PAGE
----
Barefoot Atlas spins the world

Spoiler alert! Barefoot Atlas reminds me of the Miller Lite ads: Tastes great, less filling. Sometimes you want those calories. In fact, sometimes they’re good for you. Barefoot Atlas needs more calories, especially for $8. Four stars, but I suspect I’m being kind.

There was this girl. Her name was Shannon. She was, probably still is, drop dead gorgeous. When she walked into a room the guys stopped talking and the women they were with knew why, which made them want to punch the boys in the arm. She was perfect in every way until you talked to her.

Actually, once they talked to her some boys thought she was even more perfect. But most guys reacted like my friend Andrew who chatted her up and walked away shaking his head. “Nice house,” he said to me later. “Nobody home.” The girls who knew her weren’t so kind. One called her, “strictly second wife material.”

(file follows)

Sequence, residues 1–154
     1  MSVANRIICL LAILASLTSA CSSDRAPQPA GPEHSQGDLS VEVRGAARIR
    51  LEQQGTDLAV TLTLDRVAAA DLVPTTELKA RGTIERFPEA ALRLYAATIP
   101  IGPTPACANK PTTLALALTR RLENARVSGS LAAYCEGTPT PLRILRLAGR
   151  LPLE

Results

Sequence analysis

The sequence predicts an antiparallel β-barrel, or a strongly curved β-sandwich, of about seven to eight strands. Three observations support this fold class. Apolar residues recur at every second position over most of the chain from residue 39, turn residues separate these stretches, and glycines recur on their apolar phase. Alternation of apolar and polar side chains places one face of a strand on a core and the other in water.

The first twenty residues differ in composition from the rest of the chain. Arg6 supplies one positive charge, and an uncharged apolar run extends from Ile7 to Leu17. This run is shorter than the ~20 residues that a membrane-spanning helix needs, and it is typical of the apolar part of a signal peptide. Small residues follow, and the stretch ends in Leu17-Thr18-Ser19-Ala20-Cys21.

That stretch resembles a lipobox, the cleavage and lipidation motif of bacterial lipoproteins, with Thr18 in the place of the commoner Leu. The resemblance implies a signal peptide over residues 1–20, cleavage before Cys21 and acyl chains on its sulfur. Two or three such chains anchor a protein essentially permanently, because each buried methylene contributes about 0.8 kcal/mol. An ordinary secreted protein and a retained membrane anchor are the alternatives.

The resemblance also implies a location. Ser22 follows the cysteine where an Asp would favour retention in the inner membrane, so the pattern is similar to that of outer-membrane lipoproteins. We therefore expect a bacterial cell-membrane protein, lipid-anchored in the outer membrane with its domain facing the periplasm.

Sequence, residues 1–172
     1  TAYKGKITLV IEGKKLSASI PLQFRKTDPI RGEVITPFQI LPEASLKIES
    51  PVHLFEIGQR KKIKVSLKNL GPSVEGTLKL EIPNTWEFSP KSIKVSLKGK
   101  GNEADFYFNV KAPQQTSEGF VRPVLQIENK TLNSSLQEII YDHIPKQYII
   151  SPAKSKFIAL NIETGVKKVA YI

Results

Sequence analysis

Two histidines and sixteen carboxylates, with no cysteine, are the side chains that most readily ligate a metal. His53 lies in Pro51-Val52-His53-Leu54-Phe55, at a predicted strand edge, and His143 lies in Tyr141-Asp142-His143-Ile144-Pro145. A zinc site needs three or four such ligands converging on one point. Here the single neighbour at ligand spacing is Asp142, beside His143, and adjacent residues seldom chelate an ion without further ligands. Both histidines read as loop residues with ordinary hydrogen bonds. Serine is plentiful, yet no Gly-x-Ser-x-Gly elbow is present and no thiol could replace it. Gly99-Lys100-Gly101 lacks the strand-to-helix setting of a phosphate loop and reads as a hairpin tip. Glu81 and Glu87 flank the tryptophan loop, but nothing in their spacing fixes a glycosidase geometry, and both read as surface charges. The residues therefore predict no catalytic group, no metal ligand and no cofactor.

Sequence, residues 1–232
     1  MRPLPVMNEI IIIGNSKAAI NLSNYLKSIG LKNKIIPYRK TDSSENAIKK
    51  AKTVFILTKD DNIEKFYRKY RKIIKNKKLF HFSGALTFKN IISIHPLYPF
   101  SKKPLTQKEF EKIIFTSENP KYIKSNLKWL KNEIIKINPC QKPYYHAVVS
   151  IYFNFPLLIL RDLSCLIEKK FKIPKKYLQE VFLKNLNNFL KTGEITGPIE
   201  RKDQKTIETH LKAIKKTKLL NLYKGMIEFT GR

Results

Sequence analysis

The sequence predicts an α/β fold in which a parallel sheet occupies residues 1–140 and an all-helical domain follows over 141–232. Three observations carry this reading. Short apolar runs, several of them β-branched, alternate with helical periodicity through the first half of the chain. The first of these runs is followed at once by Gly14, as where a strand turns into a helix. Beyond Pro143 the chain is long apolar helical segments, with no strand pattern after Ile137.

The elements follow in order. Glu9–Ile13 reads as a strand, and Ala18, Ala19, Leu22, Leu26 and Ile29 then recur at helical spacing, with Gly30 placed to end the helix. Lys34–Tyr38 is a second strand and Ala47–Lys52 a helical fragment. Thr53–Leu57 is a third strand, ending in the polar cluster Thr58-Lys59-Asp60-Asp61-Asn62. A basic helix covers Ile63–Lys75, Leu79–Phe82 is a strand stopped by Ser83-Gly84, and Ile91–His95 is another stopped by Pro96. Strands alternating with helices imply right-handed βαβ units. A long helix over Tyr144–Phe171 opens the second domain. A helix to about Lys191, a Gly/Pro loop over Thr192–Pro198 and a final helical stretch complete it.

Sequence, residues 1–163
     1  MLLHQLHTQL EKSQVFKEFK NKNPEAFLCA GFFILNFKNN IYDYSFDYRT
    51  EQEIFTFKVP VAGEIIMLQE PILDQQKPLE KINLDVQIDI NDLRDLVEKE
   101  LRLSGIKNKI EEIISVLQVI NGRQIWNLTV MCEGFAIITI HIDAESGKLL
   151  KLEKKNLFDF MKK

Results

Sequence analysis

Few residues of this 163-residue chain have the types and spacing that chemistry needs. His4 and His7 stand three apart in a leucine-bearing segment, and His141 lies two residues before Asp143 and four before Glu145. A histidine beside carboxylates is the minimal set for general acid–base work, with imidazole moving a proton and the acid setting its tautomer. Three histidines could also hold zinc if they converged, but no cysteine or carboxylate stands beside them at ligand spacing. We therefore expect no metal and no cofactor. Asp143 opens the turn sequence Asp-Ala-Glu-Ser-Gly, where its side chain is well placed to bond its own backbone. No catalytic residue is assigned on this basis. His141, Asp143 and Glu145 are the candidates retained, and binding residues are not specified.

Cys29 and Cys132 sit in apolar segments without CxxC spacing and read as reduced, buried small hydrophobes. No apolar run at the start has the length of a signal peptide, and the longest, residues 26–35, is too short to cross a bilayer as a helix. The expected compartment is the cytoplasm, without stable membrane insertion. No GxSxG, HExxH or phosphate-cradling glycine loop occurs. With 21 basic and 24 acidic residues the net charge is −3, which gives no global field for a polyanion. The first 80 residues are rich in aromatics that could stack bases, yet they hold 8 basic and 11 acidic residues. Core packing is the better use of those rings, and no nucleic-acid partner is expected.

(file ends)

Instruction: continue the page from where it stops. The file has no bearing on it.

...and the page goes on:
But Shannon’s another story. I only bring her up because I already used the Miller Lite joke in the spoiler alert, and because were Shannon to read this (which I doubt), she would never believer I meant her. If she even remembers me, which I doubt.

Barefoot Atlas reminds me of Shannon, but with more substance. Of course, a bag of air would have more substance than Shannon, but she was a sweet kid and not a mean girl, so I think I will let her shuffle off the pages of this blog for good. Barefoot Atlas, on the other hand, has just enough substance to make me want more.